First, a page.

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Useful Notes / Thai Fighters

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Technically named the "Royal Thai Armed Forces", the military of Thailand is a regional power. It's supplied by a mix of nations, with weapons from China and Russia, as well as England and America, and everyone in between. They have upwards of 200,000 troops, split between the Royal Thai Army, Navy (which has it's own Marine Corps and one of the oldest in Asia), and Air Force.

The Royal Thai Army is the senior service and gets the bulk of the funding, the Air Force is ranked second and the Navy third. The Army has a laid-back, hands-off attitude to life that effectively hides the fact that it is pretty good at its job. The Army commanders see politics and military operations as being intimately combined and always consider political imperatives and consequences before taking military decisions. This leads to conceptual conflicts with allies who believe in apolitical military forces. On multinational exercises, the Thai Army cheats. All the time. This has led to resigned complaints from other participants about such things as officers buying fuel from commercial gas stations, having take-out food delivered to their troops and gaining masses of intelligence data from surrounding civilians who feel honor-bound to help "their" army win.

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The Air Force is also well-regarded and its pilots are seen as some of the most skilled in the region. Their problem is that equipment maintenance doesn't match up to that level. A distressingly high proportion of their aircraft are laid up due to servicing issues.

Despite its lowly position on the totem pole of power and influence, the Royal Thai Navy operates one of only 21 aircraft carriers in the world, the HTMS Chakri Naruebet. It carried 6 second-hand Spanish "Matador" Harrier Jets up until 2006, after attempts to get more modern Harrier IIs from Great Britain fell through. Despite being the smallest modern aircraft carrier, it has served well in disaster relief efforts after several tsunamis over the years.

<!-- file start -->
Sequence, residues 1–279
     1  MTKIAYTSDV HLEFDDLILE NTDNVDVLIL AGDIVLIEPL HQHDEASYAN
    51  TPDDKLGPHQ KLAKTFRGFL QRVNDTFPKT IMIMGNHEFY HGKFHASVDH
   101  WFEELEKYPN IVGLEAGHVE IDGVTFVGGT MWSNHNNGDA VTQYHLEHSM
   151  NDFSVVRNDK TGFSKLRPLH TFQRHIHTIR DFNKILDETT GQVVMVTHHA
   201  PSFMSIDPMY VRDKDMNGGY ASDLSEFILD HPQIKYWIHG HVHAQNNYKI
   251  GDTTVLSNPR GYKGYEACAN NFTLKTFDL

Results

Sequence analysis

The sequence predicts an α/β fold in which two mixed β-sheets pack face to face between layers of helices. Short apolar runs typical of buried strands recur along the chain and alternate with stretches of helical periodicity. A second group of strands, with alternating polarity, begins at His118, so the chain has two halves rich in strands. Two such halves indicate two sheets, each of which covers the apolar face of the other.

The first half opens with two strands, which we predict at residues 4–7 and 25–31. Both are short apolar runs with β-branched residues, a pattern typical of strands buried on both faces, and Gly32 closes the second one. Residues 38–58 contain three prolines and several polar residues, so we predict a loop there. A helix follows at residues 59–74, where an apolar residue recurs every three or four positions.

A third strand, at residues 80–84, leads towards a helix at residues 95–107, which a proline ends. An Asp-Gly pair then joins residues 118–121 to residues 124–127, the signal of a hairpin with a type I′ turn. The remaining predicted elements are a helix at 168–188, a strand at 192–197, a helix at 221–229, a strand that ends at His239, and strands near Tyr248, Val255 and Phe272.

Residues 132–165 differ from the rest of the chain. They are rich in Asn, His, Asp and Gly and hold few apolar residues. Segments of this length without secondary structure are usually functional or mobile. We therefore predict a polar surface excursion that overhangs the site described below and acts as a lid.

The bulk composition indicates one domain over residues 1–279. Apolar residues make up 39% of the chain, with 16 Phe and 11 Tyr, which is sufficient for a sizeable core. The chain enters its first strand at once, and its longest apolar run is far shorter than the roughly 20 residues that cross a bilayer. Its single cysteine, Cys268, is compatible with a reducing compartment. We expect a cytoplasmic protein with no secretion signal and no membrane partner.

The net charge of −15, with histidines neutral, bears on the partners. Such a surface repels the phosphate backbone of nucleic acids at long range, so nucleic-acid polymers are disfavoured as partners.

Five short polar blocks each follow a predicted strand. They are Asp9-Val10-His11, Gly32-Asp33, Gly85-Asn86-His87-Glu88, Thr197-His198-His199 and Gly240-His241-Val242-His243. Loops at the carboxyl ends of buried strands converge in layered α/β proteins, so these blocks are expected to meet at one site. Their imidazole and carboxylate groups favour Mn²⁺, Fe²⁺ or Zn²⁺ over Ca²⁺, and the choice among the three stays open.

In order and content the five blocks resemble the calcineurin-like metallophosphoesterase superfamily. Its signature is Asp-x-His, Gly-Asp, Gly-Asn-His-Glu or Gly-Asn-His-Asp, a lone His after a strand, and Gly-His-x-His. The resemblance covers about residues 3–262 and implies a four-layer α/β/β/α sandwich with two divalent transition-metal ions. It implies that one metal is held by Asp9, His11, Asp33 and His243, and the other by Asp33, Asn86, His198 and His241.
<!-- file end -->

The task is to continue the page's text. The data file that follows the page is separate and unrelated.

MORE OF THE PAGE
They had a border conflict with Cambodia from 2008-2011; only ending when the United Nations awarded to the disputed territory to Cambodia.

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The Royal Thai Armed Forces regularly train with the U.S. Marines and Navy in the annual Cobra Gold exercises held in the Kingdom.

Organization of the Armed Forces

The Other Wiki tells us the RTAF is responsible to the King of Thailand in his duty as Chief of the Armed Forces through the office of the Ministry of Defense. The Chief of Defense Forces, the overall commander of the forces, is appointed and relived of command by the Minister of Defense upon the advice of the Prime Minister.

Thai military in media:

  • Suspiciously not a playable faction in the Lumphini Garden map of Battlefield 4. We get the U.S. Marines vs the People's Liberation Army instead.
  • Thai Border Guards appear in Missing in Action franchise.
  • Seen as the bad guys in the elevator segment of Haunted Universities (a.k.a. Bangkok Haunted 3). The episode was a nod to the Thammasat University Massacre in October 6, 1976 where 46 pro-democracy student protesters were killed by the Royal Thai Armed Forces, the Royal Thai Police, and right-wing anti-communist vigilantes.
  • In the 2004 Thai film Born to Fight, Thai special forces show up near the end to recapture the terrorist leader and evacuate the civilians from the booby-trapped village.
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